Seriously… lots of people view “working for the man” as: “The Man makes profit off of my hard labor! If I was working for myself, I get to keep that money!” I view it as “In return for this thing called ‘profit’, The Man takes care of all the boring $hit I don’t want to deal with anyway when working in my chosen career.”

    • Cat says:

      In general that’s true – until you reach a point where you ARE the man, and have other people to take care of all that boring shit for you.

      • sirwired says:

        And then you aren’t a freelancer any more. But boy, do you have to go through years of grief, low-pay, and heartache to get to that point.

  14. Apeweek says:

    I’ve freelanced for 25 years. Many people in today’s economy get forced into freelancing – they didn’t choose it.

    It can be the worst of all worlds – extra taxes plus no benefits.

    To make it work, you’ve got to stop thinking of yourself as an employee – you’re a small business. Aggressively pursue tax deductions. Negotiate decent rates for yourself.

  15. Dallas_shopper says:

    My father ran his own business for nearly forty years. I barely saw him during the week when I was a kid.

  16. Dave on bass says:

    This kind of thing is why I freelance on top of having a dayjob. It gives me the feel-good part of being able to do my passion and make a few bucks, but I am not dependent on a steady income from it to feed my family.

    Maybe someday, though, I’ll have enough steady work to at least cut back on the dayjob dependency.

  17. StatusfriedCrustomer says:

    I hated freelancing. I was constantly checking Facebook to make sure I didn’t post anything that would cause me to have to fire myself.

  18. HogwartsProfessor says:

    I did it last year to supplement my income. Now I don’t have a job. I would do it full time if I were married to someone with great health insurance. But because of that, I have to find a full-time job with benefits.

    This whole tying your insurance to your job thing has got to go. If I could work part time and freelance the rest of the time, that would work also but I have GOT to have health insurance.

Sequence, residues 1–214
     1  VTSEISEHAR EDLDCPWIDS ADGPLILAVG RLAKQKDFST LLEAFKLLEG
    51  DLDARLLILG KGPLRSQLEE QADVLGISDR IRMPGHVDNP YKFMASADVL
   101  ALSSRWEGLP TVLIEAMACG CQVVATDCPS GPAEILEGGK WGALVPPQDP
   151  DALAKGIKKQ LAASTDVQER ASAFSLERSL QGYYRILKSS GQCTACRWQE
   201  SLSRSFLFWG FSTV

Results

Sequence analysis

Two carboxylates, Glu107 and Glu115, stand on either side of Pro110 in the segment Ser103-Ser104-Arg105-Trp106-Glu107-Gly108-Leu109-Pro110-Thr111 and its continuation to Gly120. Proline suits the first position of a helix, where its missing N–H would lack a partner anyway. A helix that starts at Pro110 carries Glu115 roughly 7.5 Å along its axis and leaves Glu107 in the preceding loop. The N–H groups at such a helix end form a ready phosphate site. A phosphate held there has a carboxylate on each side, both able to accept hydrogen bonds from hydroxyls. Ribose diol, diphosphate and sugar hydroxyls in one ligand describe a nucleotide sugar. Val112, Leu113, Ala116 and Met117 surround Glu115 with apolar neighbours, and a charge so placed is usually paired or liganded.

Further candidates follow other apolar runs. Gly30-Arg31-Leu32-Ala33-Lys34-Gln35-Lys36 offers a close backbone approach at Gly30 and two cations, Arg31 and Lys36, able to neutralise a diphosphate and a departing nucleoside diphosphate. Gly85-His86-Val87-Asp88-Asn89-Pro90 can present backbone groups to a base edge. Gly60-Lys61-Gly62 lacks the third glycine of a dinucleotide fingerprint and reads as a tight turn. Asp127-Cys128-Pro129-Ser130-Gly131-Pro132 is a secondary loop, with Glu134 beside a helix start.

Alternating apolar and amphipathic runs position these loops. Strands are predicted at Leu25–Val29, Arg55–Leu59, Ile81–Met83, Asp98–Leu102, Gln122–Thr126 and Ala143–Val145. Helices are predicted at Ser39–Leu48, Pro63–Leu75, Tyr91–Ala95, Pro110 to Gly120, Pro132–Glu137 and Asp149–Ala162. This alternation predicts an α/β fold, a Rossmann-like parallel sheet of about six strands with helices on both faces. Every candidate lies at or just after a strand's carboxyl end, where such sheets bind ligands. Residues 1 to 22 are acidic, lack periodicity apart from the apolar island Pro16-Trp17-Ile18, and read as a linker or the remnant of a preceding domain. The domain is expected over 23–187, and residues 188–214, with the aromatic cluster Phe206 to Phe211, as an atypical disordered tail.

19. PortlandBeavers says:

    Just remember to charge enough. Beyond the health insurance is the fact that you have to pay the whole payroll tax, not just the employee part of it.

  20. samandiriel says:

    I’ve been a freelance IT consultant for four years now, and I make a pretty decent living. Thankfully I also live in Canada, so health care premiums aren’t the issue they are for my US counterparts (although I did do my first year freelancing for myself in the states before moving back to Canada). There’s a lot more govt small-business-friendly infrastructure here, which seems very odd given that the US is supposed to be a bastion of capitalism and the little guy, and Canada is often demonized for being a socialist democracy.

    Personally I contract out things like taxes/accountancy, etc. Makes my life much easier, and professionals do it better than I ever could anyway.

    I have to agree that self-discipline is certainly important, and after that the ability to drum up new business. Networking is absolutely key, as regular advertising almost never lands you the nice fat contracts.

  21. jcfiala says:

    As it happens, freelancing went pretty well for me, when I fell into it by accident. However, there are unique factors – I’m highly skilled in a CMS (Drupal) which currently is suffering from a talent shortfall. Between my experienced background and that shortage, I found jobs falling into my lap, often for months at a time, which more than paid my bills. I got lucky, though.

    I’m no longer freelancing due to the insurance problem, however.